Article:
Ever been to Himavat? Of course you have - it’s an older, alternative name for the Himalayas. Reading and writing about Nepal requires understanding mountain words. So does trekking, for the guidebooks and maps are littered with mountain terms. I’ve always thought how much more enriched and rewarding travel in high Nepal would be if trekkers (especially foreigners) knew more place names and their meaning.
For starters, here are a few mountain area terms commonly found on maps, and a few others, with their sources and meanings (their mul and matlab, that is).
Himal, Himala, Himalchal, Himalaya: Over a century ago the British colonial wordsmiths Henry Yule and A.C. Burnell wrote in the Hobson-Jobson dictionary that the Himal is “properly Himālăya, ‘the Abode of Snow’; also called Himavat, ‘the Snowy’; Himagiri and Himaśaila; Himādri, Himakūta, &c....” They attribute the first use of the modern term ‘Himalaya’ (in English writing) to Reginald Heber (1783-1826), the Church of England’s Bishop of Calcutta. It appears in his Indian Journal, published posthumously in 1828.
The 14 highest Himalayan peaks, all above 8,000 meters, are listed here in order of their height. Several of them straddle international borders and eight are all or partly in Nepal (in bold): Everest, K2, Kangchenjunga, Lhotse, Makalu, Cho Oyu, Dhaulagiri, Manaslu, Nanga Parbat, Annapurna, Gasherbrum-I, Broad Peak, Gasherbrum-II, and Shishapangma. Some names have special meaning. Kanchenjunga is the ‘Five Treasures of Snow’ (in Tibetan). Cho Oyu is the ‘Turquoise God’ (Tib.). Dhaulagiri is the ‘White Mountain’ (Sanskrit). Manaslu is ‘Mountain of the Spirit’ (Skt.). Nanga Parbat is the ‘Naked Mountain’ (Urdu). Annapurna is the ‘Goddess of Harvest’ (Skt.). Gasherbrum is the ‘Beautiful Mountain’ (Balti). And Shishapangma viewed from the north looks like a ‘Crest above the Grassy Plains’ (Tib.), but it is also a ‘Holy Place’ known to the Nepalese as Gosainthan.
The root ‘him’ in Himal/Himalaya is derived from hiun (hiũ), meaning ‘snow’. Himmat, ‘courage’, comes from it, so that ‘himmat bandhnu’ means ‘to be of good courage’ - necessary if you want to trek high or climb a peak. ‘Himmat’ is also used as a man’s name.
The suffix -giri, as in Dhaulagiri, is a Sanskrit term meaning ‘mountain’. It also occurs in Nilgiri, the name for three icey ‘Blue Mountain’ peaks that rise high in the east over Jomsom, in Thak Khola, Mustang District.
Lower down, many of the foothills are of mountainous size. The midhills are the ‘Pahar’, meaning a ‘hill’ or ‘mountain’ area, and one who dwells there is a ‘Pahari’. The hill areas that butt up directly against the Himalayas are the ‘Lek’, and their inhabitants are called ‘Lekhali’. It is often said in Nepali that the mountainous Lek is far off in durgam chhetra, denoting a remote area or (holy) place. In common usage it implies a difficult locale where only the most robust mountain people live.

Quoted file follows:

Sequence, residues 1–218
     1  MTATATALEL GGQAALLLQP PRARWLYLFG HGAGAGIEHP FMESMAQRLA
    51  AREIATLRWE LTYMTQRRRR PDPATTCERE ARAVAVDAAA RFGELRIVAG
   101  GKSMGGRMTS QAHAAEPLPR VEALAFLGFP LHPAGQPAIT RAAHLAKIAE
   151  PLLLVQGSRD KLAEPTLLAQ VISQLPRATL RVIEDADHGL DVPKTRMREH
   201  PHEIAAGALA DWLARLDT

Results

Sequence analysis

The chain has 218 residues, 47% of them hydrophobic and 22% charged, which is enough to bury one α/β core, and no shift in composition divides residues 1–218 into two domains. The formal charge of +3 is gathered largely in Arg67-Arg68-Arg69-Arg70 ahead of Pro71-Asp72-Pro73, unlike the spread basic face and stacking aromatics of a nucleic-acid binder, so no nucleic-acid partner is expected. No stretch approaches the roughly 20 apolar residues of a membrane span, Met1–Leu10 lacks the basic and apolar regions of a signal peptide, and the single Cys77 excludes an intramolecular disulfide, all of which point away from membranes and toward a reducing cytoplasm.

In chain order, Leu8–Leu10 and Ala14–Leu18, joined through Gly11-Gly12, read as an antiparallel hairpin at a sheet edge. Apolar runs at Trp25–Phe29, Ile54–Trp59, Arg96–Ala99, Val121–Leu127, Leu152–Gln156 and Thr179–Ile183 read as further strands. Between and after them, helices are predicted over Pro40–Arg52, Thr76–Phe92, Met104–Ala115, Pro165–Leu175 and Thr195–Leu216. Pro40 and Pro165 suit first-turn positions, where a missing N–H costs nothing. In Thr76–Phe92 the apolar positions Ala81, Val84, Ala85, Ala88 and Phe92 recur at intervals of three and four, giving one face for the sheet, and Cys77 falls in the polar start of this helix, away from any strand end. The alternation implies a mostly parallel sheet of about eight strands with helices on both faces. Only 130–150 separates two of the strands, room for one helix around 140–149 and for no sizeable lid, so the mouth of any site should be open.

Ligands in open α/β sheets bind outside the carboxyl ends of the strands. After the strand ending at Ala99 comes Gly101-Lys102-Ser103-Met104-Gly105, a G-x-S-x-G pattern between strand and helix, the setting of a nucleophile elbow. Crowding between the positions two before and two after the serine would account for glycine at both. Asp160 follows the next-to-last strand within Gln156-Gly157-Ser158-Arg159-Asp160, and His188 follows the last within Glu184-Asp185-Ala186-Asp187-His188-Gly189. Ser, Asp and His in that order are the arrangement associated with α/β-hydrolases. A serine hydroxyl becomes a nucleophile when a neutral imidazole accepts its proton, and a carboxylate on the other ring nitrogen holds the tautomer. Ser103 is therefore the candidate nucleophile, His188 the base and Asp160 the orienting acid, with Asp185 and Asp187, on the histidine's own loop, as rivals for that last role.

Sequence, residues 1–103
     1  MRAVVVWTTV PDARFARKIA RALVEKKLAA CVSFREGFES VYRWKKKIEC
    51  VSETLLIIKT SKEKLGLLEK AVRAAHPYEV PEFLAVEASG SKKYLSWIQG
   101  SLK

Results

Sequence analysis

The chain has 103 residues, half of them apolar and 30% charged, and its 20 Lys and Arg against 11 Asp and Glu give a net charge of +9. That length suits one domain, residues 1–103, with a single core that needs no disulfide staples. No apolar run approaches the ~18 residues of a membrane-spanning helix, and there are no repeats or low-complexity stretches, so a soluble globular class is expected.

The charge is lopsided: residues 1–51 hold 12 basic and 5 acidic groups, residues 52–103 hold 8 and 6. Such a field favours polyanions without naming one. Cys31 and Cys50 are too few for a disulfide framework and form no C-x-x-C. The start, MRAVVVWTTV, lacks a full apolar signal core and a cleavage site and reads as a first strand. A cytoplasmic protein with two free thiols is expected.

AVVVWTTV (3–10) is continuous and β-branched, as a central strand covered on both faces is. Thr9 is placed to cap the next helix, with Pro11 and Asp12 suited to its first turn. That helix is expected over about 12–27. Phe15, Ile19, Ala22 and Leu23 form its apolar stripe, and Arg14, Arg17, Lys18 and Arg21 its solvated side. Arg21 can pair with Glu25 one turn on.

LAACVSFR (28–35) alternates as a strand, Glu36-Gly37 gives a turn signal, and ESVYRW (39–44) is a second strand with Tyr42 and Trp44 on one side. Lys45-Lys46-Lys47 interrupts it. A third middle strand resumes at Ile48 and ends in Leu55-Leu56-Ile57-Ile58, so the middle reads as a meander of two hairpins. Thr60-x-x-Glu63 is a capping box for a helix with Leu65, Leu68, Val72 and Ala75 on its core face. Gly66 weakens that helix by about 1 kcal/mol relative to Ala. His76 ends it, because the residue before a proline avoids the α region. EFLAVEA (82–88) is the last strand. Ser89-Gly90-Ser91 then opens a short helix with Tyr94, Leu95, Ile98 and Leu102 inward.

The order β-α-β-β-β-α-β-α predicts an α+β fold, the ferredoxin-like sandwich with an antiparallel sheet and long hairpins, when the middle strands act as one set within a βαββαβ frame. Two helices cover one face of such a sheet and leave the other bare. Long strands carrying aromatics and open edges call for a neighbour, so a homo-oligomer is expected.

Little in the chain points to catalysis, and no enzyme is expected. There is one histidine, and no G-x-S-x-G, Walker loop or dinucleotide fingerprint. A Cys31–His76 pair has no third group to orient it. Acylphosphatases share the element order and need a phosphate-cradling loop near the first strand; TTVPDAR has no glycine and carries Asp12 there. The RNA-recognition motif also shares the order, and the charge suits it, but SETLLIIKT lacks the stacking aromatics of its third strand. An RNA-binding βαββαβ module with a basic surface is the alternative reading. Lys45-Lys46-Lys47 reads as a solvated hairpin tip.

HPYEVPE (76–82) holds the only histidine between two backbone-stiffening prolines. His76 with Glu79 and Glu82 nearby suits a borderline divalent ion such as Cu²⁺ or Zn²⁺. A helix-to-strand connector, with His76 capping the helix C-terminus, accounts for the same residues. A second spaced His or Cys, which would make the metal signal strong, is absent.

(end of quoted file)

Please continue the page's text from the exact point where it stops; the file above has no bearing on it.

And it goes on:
The high Lek has many sheep/goat, cattle and yak grazing lands, called kharka, literally ‘pasture’ or ‘meadow’. There are numerous named kharkas on trekkers’ maps. If you arrive at one during the summer grazing season you are likely to find one or more shepherd huts called ‘goth’ (rhymes with boat), and some gothalos (shepherds). You’ll also be confronted by livestock guardian dogs (kukur), the largest of which are the famous ‘Bhoté kukur’ (Tibetan mastiffs).
Many a hilltop or ridge is called ‘danda’, such as Bahun Danda, ‘Brahmin Hill’, in northern Lamjung District of central Nepal, on the old trail to Manang. And a place to worship the mountain goddess is a ‘deorali’, usually on or near a ‘bhanjhyang’, a pass over a danda. The highest mountain passes are usually called ‘la’ (Tib.), as in Thorung La on the popular Round Annapurna circuit trail.
This is a small sampling of mountain of terms from the Nepal Himalayas. Now take to the trail and enjoy your trek!
Note that Nepali terms are spelled many different ways on maps and in guidebooks. Yule and Burnell’s classic ‘Hobson-Jobson: A Glossary of Colloquial Anglo-Indian Words and Phrases, and of Kindred Terms, Etymological, Historical, Geographical and Discursive’ was first published in 1886 and updated in 1903. There are reprint editions, but original copies of both versions are collectors’ items. The ‘Hobson-Jobson’ is a fascinating sourcebook with over 2,000 entries, including etymological citations that date to some of the earliest literary sources from the first European contacts with South Asia. Two dictionaries used for this essay are R.L. Turner’s ‘A Comparative and Etymological Dictionary of the Nepali Language’ (1931), and R.L. Schmidt’s ‘A Practical Dictionary of Modern Nepali’ (1994). All three of these dictionaries (and others) are accessible online at dsal.uchicago.edu/dictionaries.
The author is a regular contributor to ECS Nepal magazine, and can be contacted at firstname.lastname@example.org.